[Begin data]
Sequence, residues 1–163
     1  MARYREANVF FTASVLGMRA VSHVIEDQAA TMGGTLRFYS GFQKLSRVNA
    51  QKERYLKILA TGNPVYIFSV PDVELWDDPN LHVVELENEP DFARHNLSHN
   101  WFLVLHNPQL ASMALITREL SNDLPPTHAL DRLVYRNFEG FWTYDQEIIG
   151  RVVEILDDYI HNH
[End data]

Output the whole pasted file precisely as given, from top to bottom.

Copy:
Sequence, residues 1–163
     1  MARYREANVF FTASVLGMRA VSHVIEDQAA TMGGTLRFYS GFQKLSRVNA
    51  QKERYLKILA TGNPVYIFSV PDVELWDDPN LHVVELENEP DFARHNLSHN
   101  WFLVLHNPQL ASMALITREL SNDLPPTHAL DRLVYRNFEG FWTYDQEIIG
   151  RVVEILDDYI HNH